Monday, April 14, 2008

National's Get First LEED Stadium

Today marks a new era in both Major League Baseball, and DC history. The US Green Building Council today officially designated the National's Ballpark as the first major stadium in the US of A to be LEED Certified. HOK Sport, the division of HOK Architecture specifically devoted to the design of athletic venues, received LEED Silver status, the third-highest step on the LEED ladder.

Before construction even began, developers removed the site's contaminated soil and shipped it off to Soil Safe Incorporated, which recycled it. After the site was replenished with fresh loam, construction teams buried six ginormous sand filters to prevent litter and "wash-down" water from finding its way into the Anacostia River. Also, because of the proximity to the Metro, bus and bike routes, the Green Building Council considers the site itself a contributing factor to the eco-friendly development.

HOK achieved LEED Silver certification through a number of different methods. First and foremost, the stadium was designed to save millions of gallons of water. This was done in two ways: Plumbing fixtures that conserve almost four million gallons of water were used in the construction. In addition, HOK designed the stadium to use air-cooled - rather than water-cooled - ventilation systems, an upgrade that will save an additional six million gallons of water.

Nats stadium also has a slew of recycling bins located throughout the ballpark; now fans can dispose of their Budweiser bottles appropriately instead of just tossing them. Roughly 20% of the stadium was built with recycled materials, and more than 5,000 tons of construction waste were recycled. For the final touch, HOK used efficient lighting, added a 6,300-s.f. green roof to collect rain water, and created signs around the park to highlight its eco-friendly aspects (we're not really sure how that helps global warming, but it was in the press release).

Gregory O'Dell, CEO of the Washington DC Sports and Entertainment Commission boasted: "Creating a green ballpark was as fundamental as any requirement when we decided to embark on this mission to build a new state of the art stadium for the Washington Nationals." Now if we could only come up with an eco-friendly (and stomach-friendly) design for a hotdog.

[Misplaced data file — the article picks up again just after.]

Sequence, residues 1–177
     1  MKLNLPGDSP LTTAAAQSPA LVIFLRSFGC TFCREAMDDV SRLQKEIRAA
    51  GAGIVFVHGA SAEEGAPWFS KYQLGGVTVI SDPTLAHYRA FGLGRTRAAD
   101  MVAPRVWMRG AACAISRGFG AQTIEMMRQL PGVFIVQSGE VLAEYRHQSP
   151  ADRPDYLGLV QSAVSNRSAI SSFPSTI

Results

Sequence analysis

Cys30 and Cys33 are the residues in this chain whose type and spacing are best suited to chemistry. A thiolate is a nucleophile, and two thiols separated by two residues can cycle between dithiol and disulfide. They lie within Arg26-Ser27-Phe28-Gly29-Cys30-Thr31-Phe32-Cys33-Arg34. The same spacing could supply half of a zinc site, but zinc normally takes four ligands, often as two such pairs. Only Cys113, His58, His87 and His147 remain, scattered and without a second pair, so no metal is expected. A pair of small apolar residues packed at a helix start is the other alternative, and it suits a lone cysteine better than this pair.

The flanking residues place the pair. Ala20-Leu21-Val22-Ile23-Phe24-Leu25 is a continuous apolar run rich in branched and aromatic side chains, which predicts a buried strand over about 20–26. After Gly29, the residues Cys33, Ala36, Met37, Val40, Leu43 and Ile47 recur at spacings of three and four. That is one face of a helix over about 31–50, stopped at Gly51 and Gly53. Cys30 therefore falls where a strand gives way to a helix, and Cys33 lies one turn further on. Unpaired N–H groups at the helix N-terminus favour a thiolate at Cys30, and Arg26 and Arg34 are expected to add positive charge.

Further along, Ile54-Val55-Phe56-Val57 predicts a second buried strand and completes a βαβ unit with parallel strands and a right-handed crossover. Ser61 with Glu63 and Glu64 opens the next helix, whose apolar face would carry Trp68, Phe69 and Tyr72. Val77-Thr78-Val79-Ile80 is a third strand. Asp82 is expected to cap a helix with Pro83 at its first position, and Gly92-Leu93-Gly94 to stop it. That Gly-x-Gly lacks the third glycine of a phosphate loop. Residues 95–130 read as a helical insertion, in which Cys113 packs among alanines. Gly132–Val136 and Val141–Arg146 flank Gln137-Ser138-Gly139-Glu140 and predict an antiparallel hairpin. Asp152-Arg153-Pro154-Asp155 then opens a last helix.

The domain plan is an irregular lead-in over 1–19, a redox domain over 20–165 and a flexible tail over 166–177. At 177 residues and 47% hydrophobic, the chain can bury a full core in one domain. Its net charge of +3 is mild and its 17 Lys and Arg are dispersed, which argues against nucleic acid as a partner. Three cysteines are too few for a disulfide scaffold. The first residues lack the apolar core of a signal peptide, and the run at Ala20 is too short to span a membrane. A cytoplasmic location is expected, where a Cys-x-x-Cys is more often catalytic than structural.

IMGoph on Apr 14, 2008, 10:17:00 PM said...

when i got a beer on saturday at the park (from a stand, not from one of the guys selling them in the seats), they opened the bottle, poured it in a plastic glass, and threw the glass bottle in the trash.

now, i know they're not going to give glass bottles to people in the stands for fear of it being used as a projectile, but i asked the woman who sold me the beer what happened to the bottle. she said that they don't get recycled, to the best of her knowledge, they just end up in the trash with everything else.

so, my beer used two containers instead of one, and the one that could be easily recycled (glass bottle) ends up in the dump.

way to be green, nats.

David on Apr 30, 2008, 1:39:00 AM said...

"...signs around the park to highlight its eco-friendly aspects (we're not really sure how that helps global warming, but it was in the press release)."

Come on, Dave, you don't need to have a degree in environmental engineering to figure it out. As imgoph suggested but didn't quite say, how we use this building will be at least as important as how it was built - so educating users in paramount. The mission of USGBC, and the LEED program, is "To transform the way buildings and communities are designed, built and operated, enabling an environmentally and socially responsible, healthy, and prosperous environment that improves the quality of life." Again, public awareness and participation are essential to and inseparable from the building.


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